Importantly, only one state in the U.S., Minnesota, currently requires that cases of Cronobacter sakazakii be reported to state public health authorities. As a result, many cases are unreported, and scientists have limited information about the genetic makeup of the bacteria found in cases that are reported. To provide some perspective, the National Center for Biotechnology Informatics (NCBI) database that tracks these pathogens has received roughly 480,000 submissions of genomic information for strains of Salmonella enterica compared to only 1086 submissions for strains of Cronobacter.

What Can You Do to Minimize the Risk of Cronobacter Contamination?

Safely Preparing and Storing Powdered Infant Formula

In most cases, it is safe to mix powdered infant formula following manufacturer’s instructions. If your baby is less than 2 months old, was born prematurely, or has a weakened immune system the Centers for Disease Control and Prevention (CDC) recommends using ready-to-feed infant formula. Liquid infant formula is made to be sterile (without germs) and is the safest option for infants not receiving breast milk. However, you can also take extra steps to prepare powdered formula for these infant groups by using hot water (at least 158°F/70°C) to help protect against Cronobacter and then cooling the formula before feeding your infant.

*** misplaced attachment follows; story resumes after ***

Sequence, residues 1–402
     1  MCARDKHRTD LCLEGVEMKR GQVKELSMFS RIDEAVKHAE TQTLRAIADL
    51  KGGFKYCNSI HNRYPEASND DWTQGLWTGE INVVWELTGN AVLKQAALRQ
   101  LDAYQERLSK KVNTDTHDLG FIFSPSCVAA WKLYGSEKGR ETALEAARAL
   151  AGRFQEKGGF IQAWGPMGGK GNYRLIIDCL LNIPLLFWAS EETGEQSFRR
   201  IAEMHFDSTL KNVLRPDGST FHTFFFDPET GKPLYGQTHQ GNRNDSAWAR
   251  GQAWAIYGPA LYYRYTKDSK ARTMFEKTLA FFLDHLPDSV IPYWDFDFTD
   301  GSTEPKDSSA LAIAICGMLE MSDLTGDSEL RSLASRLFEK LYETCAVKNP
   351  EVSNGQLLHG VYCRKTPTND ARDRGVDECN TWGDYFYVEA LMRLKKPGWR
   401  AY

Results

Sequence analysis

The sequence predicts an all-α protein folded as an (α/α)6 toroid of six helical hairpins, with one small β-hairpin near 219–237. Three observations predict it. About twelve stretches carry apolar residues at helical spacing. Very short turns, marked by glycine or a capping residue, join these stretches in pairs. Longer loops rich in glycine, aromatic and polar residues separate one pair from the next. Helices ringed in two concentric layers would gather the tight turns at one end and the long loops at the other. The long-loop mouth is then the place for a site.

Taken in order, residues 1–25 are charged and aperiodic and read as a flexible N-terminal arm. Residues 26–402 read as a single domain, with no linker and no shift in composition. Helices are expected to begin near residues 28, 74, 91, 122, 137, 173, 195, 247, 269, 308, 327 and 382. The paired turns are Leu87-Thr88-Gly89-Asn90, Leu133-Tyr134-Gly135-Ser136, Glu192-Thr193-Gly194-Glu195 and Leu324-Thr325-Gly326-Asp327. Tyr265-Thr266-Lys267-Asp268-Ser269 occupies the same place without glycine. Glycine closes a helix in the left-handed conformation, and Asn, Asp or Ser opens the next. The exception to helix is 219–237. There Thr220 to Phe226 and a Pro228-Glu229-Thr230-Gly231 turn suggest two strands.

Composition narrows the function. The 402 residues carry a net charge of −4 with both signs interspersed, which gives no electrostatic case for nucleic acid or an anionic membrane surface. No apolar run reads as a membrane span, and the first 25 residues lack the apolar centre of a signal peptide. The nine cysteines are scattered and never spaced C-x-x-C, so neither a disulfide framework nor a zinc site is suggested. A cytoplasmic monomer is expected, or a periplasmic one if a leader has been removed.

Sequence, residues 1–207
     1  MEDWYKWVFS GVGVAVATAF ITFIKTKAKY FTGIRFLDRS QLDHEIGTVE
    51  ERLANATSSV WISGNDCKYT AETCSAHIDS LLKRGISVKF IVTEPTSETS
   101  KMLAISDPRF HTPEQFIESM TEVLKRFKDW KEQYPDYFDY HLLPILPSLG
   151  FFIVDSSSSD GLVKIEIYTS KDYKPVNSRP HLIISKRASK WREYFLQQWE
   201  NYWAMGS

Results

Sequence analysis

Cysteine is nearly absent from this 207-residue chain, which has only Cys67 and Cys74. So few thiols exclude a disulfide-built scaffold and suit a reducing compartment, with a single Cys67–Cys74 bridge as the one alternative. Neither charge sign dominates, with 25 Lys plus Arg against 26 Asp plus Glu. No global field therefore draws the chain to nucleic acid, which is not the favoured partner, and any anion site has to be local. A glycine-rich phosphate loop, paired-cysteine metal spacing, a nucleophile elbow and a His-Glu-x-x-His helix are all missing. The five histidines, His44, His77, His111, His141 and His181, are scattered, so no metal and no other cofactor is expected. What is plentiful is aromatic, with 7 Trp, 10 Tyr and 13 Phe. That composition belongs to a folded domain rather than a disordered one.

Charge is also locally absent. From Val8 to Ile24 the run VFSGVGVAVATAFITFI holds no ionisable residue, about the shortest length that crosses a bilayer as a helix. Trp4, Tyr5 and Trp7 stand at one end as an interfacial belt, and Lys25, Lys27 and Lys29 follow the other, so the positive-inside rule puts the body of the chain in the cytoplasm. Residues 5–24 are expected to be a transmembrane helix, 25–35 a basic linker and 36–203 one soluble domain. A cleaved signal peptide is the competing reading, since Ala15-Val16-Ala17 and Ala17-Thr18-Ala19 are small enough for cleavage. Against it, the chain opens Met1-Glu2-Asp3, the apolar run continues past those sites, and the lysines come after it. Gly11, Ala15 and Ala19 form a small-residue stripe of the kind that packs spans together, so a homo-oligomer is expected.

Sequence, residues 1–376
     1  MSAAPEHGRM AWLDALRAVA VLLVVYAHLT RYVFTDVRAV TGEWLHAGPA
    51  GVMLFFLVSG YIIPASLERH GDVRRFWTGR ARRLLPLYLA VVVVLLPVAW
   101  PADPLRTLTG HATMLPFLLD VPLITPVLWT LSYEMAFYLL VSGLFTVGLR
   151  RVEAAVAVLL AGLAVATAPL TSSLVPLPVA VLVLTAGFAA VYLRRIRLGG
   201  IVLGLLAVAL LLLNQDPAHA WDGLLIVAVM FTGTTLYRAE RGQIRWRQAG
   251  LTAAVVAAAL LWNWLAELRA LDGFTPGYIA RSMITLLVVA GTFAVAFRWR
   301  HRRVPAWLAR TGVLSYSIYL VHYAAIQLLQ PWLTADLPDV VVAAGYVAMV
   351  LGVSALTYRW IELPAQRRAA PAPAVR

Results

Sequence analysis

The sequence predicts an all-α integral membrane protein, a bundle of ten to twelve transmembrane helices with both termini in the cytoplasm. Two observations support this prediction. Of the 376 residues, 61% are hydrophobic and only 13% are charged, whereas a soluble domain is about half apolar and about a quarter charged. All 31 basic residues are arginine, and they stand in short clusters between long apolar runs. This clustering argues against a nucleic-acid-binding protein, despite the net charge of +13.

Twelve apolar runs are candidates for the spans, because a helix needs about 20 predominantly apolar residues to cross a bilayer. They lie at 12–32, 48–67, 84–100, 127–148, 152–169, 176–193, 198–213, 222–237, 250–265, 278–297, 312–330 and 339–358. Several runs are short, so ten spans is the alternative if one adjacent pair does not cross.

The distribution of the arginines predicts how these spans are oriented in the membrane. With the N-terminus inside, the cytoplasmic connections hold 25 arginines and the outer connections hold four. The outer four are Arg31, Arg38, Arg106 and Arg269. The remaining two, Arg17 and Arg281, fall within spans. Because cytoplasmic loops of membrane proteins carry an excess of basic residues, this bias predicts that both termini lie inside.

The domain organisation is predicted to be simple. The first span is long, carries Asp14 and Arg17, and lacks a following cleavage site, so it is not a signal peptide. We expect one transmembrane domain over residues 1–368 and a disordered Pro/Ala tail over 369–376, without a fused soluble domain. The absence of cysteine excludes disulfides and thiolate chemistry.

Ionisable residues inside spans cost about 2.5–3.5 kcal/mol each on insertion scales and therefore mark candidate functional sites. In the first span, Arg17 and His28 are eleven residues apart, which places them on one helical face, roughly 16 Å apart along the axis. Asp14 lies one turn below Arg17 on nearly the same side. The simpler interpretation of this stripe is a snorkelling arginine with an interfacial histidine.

However, certain metabolic and specialty products include statements on their packaging warning consumers against heating because heating the particular product above 100°F could result in a loss of vitamins and nutrients. Therefore, caregivers should be especially mindful of the manufacturer’s instructions included on the packaging for specialty metabolic formulas. If the instructions prevent a consumer from heating their formula to at least 158°F, then caregivers should instead bring the water used to mix the formula to body temperature and follow the instructions in this printable infographic to prepare and store powdered infant formula safely.

Parents who suspect their infant became ill due to infant formula may call the FDA’s consumer hotline at 1-800-FDA-1088.

Other Tips to Minimize the Risk of Cronobacter Contamination

Infants could also be exposed to Cronobacter from unclean breast pumps or unclean bottles. To help keep your baby safe, you can help prevent Cronobacter from growing on these items. Keep your baby’s food, whether breast milk or formula, safe by carefully cleaning, sanitizing, and storing bottles and breast pump parts.

It is also important to wash your hands with soap and water, especially before preparing bottles and feeding. The CDC says that alcohol-based hand sanitizer with at least 60% alcohol can also be used.

What Are the Symptoms of Cronobacter infection?

Symptoms of infection in infants may start with fever, poor feeding, excessive crying, and/or very low energy. Some infants may also have seizures. Babies with these symptoms should be taken to a medical provider as soon as possible.

What Else Should I Know?

If you have questions or concerns about Cronobacter contamination or infection, contact your health care professional.